Throughout the book, Mr. Scammell remains focused on his subject and is either humble or sensible enough to remain out of sight. Neither text nor notes refer even obliquely to himself. He rarely oversteps, superimposes or dramatizes his tale. His approach contrasts sharply with Arthur Koestler: The Homeless Mind (1999) by David Cesarani.
Mr. Scammell tackles head-on a charge alleged by British director Jill Craigie (wife of politician Michael Foot) that Koestler raped her — the charge coming a decade after Koestler’s death in 1983. He chides Mr. Cesarani for embellishing the facts. After all, Foot and Craigie remained friends with Koestler. They were even guests of honor at his 70th birthday party. Mr. Scammell concludes “the likeliest explanation is that behavior that wasn’t at the time seen as rape has since come to be regarded as such.” He also says, “Craigie’s story and Cesarani’s embellishment of it have left a stain on Koestler’s reputation far larger than he deserves.” His findings support an earlier wrist-slapping by Tony Judt — that Mr. Cesarani allowed his own “present-minded primness” to undermine his scholarship.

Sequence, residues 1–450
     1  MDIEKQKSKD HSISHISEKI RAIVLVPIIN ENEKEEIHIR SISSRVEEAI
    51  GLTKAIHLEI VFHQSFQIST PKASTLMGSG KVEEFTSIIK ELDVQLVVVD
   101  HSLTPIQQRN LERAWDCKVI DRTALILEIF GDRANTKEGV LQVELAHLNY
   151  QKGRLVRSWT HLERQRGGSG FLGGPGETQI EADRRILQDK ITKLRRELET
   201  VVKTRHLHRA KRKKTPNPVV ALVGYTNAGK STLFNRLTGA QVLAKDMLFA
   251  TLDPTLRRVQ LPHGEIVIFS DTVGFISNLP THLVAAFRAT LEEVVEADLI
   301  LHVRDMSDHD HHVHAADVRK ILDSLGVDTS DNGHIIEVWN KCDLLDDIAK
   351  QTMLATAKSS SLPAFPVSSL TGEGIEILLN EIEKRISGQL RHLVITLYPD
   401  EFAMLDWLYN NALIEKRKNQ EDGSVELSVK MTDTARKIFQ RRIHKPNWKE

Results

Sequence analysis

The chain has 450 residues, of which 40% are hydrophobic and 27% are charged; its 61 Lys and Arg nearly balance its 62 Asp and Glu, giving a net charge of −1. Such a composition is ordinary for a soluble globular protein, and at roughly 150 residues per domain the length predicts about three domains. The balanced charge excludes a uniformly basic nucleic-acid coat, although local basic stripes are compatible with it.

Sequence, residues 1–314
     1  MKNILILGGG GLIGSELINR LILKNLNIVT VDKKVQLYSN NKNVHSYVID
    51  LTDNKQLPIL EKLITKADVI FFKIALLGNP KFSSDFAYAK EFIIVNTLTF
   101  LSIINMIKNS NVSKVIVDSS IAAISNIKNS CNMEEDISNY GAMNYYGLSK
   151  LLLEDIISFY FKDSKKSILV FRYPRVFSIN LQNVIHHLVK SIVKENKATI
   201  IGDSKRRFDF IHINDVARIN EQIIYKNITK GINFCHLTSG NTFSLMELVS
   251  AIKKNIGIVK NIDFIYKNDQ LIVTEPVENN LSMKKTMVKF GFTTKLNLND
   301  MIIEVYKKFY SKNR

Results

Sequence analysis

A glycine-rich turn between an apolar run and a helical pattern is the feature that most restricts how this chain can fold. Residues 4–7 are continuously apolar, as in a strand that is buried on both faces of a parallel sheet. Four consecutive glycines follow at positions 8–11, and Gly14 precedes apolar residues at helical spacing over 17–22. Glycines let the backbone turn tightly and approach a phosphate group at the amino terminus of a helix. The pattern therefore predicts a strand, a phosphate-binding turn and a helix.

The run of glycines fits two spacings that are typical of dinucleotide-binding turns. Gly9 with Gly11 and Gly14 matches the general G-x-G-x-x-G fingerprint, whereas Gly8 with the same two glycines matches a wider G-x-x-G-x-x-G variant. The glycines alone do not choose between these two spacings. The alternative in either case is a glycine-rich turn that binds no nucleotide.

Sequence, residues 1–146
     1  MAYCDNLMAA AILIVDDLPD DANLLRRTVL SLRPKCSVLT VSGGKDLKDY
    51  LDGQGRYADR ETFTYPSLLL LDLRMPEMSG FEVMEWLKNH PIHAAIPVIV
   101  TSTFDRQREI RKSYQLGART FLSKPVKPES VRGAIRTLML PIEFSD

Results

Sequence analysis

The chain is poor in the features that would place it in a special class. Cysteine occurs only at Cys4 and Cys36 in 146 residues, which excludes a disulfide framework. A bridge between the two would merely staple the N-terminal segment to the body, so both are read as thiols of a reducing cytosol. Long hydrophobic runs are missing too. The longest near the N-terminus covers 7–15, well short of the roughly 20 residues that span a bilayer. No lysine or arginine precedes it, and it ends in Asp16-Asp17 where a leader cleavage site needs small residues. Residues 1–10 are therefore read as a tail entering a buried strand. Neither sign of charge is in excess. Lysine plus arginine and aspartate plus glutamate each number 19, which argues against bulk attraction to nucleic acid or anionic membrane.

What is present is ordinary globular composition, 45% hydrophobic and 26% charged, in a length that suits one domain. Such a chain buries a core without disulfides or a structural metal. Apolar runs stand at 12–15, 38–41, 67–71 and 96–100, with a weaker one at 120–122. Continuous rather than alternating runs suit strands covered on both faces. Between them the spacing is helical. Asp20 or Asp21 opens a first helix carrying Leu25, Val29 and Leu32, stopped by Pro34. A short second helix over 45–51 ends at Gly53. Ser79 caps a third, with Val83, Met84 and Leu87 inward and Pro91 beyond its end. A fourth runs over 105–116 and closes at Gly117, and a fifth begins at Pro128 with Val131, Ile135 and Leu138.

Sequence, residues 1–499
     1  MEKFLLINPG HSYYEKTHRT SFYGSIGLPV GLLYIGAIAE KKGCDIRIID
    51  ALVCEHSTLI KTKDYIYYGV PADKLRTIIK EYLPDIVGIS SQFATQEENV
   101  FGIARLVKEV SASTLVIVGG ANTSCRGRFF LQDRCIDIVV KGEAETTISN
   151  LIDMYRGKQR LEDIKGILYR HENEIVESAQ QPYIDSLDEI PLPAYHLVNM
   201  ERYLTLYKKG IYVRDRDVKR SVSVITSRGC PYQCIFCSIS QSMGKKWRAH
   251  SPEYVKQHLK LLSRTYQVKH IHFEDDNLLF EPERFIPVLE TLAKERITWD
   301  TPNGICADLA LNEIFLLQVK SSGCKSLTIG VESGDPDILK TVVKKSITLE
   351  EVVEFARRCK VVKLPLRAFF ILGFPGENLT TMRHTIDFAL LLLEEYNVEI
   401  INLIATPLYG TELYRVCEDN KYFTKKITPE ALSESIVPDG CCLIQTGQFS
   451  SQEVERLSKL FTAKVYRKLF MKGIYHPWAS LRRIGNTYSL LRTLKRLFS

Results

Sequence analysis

Mr. Scammell’s approach also contrasts sharply with a biography by Canadian literature professor Mark Levene. His book, Arthur Koestler, written in 1984, opens and closes with brief biographical essays. The remaining essays examine Koestler through his writings, all packaged in a concise 151 pages. Mr. Levene is insightful but too brief to do Koestler justice.